Meadville Tribune

State News

May 13, 2013

Lawmakers target payments to unions in proposed legislation

HARRISBURG — -Bills that would weaken unions — including the powerful public sector unions that represent 300,000 state workers — have been introduced by a Crawford County state representative and a fellow Republican from Union County.

One measure recently introduced by a group of conservative representatives including Brad Roae and Fred Keller would bar arrangements that require union membership to get a job. Another bill would outlaw “fair share payments” that are collected by unions from employees who refuse to join the union.

Five thousand teachers pay “fair share fees” rather than union dues in Pennsylvania, a study by the Commonwealth Foundation determined. The teachers union is by far the largest public sector union — with three times the number of members as the next largest union.

Roae, whose Sixth District includes Meadville, Titusville and eastern Crawford County, said the bills would not prevent people from joining unions.

“Nobody should be prevented from joining a union if they want to join and nobody should be forced to join a union they do not want to join,” Roae said. “People should not be forced to pay partial union dues to a union they do not want to join.”

Keller said that he doesn’t view the bills as an attack on unions but he added that labor organizations should not benefit from government requirements that force people to give them money.

“If the product is valuable, they ought to be able to sell it” to prospective union members, Keller said.

Those on both sides of the issue said that the fair share payments date from a law passed in the late 1980s. Keller said that unions in Pennsylvania survived for decades without the fair share payments. Teachers union officials said that the use of fair share payments have been challenged and found to be fair and an accurate assessment of the union’s costs.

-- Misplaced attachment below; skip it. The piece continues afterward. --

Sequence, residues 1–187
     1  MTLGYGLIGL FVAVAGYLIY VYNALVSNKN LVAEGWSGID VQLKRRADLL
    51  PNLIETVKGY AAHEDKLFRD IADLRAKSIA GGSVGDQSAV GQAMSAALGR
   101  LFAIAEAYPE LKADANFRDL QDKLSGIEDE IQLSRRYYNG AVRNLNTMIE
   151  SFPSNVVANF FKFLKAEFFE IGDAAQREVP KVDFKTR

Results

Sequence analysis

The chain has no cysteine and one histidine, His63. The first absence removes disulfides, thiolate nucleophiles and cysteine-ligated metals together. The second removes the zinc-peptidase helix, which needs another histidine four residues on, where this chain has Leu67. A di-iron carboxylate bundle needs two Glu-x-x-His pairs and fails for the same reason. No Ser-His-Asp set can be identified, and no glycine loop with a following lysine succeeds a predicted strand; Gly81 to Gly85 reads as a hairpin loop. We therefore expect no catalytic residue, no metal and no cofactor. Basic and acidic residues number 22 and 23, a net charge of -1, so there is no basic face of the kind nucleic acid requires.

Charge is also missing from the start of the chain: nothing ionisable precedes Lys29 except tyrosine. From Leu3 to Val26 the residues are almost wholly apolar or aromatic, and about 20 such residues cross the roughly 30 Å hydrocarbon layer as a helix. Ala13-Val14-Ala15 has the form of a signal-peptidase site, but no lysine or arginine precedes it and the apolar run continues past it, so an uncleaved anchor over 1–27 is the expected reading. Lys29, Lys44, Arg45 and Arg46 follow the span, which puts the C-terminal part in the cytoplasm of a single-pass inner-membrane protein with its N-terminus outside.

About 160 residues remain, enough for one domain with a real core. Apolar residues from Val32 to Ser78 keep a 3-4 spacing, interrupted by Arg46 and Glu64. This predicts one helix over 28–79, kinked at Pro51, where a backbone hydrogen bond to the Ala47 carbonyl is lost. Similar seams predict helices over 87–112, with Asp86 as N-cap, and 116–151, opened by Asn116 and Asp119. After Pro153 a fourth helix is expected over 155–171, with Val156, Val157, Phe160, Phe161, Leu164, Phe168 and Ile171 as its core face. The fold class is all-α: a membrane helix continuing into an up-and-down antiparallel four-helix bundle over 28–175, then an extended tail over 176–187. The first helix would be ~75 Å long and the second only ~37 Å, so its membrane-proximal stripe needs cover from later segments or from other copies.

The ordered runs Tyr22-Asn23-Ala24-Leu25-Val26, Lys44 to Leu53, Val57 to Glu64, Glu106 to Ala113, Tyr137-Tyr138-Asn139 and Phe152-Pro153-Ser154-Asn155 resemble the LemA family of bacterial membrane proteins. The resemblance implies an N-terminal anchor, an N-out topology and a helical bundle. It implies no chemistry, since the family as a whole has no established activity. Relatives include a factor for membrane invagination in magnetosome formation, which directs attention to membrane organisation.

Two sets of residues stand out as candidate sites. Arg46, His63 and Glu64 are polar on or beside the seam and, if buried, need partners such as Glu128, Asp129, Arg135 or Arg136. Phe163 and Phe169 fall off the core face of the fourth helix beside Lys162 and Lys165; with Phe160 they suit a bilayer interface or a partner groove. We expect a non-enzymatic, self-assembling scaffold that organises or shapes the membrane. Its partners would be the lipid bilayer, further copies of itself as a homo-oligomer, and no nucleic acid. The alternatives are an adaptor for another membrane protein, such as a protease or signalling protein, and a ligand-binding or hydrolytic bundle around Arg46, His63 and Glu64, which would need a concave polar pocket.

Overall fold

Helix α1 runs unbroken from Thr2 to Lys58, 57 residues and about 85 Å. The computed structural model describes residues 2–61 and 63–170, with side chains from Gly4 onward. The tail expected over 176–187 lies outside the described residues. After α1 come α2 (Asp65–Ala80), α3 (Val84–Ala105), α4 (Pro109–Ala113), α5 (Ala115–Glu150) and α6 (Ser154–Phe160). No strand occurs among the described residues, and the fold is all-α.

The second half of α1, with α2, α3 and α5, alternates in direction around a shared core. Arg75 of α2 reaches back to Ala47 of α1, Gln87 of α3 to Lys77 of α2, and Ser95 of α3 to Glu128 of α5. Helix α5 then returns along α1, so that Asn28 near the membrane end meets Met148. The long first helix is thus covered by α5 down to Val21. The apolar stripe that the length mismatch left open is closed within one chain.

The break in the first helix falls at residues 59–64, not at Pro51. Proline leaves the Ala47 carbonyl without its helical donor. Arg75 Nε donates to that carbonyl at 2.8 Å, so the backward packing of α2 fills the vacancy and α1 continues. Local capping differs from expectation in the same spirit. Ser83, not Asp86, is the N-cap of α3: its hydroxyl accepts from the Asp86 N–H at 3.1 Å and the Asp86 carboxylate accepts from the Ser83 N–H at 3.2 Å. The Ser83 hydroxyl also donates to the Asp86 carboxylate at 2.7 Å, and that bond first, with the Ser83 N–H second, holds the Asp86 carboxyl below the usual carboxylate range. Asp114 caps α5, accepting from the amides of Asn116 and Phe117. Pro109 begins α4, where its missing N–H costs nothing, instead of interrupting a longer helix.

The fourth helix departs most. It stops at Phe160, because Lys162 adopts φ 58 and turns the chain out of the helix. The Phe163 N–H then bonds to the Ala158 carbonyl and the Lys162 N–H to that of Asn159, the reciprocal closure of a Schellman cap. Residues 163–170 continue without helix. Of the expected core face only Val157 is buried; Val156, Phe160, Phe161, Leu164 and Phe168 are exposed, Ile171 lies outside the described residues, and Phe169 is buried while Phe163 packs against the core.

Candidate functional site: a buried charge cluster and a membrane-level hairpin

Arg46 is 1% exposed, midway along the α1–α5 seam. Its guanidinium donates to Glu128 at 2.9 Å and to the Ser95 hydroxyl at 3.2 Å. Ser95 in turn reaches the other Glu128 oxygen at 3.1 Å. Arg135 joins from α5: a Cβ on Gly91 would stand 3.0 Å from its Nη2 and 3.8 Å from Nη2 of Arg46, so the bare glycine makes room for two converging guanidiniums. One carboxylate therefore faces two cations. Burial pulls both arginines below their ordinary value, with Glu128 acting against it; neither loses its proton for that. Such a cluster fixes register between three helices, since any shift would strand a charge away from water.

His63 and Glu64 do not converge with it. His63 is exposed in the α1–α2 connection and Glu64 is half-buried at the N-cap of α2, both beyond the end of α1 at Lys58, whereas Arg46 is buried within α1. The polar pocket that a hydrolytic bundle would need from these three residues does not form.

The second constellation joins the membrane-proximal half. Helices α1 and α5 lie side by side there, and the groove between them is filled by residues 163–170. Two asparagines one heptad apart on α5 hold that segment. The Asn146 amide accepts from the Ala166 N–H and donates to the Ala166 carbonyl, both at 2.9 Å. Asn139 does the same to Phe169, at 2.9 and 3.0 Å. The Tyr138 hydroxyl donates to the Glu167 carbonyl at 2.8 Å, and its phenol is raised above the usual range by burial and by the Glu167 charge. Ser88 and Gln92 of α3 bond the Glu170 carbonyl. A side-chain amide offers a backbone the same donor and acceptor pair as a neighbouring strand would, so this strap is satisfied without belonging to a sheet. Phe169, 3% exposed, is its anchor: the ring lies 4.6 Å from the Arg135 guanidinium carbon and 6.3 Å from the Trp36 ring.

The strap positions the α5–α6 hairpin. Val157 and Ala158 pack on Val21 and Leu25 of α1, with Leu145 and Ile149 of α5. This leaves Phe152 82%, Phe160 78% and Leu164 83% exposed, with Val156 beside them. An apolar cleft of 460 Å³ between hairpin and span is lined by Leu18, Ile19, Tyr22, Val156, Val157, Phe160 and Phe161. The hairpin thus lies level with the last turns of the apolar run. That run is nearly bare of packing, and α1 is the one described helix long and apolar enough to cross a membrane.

Wythe Keever, a spokesman for the Pennsylvania State Education Association, said the legislation would essentially create “free-riders” because the union is required to represent all teachers whether they are union members or not.

“I don’t see any reason to change the law,” said Brian Rieser, a math teacher in the Grove City Area School District and president of the teachers union there. Rieser said that as long as non-union members get the same benefits by contract as union members, they should be required to pay the fair share fees.

“It’s not fair that they would get the same benefits without having to pay. Nowhere else in society would we allow that,” Rieser said.

Negotiations for labor contracts involve the time and effort and a variety of union staff, including researchers, attorneys and negotiators, Rieser said.

“If a non-member employee is discharged unfairly, the union has to provide legal representation that runs into thousands of dollars to defend them,” said Anne Lohr, president of the union local in the North Star School District in Somerset County, where there are 96 union members and two fair-share employees.

Lohr, a math teacher at North Star High School, said that targeting fair share fees is a bid to “divide and conquer” government employees.

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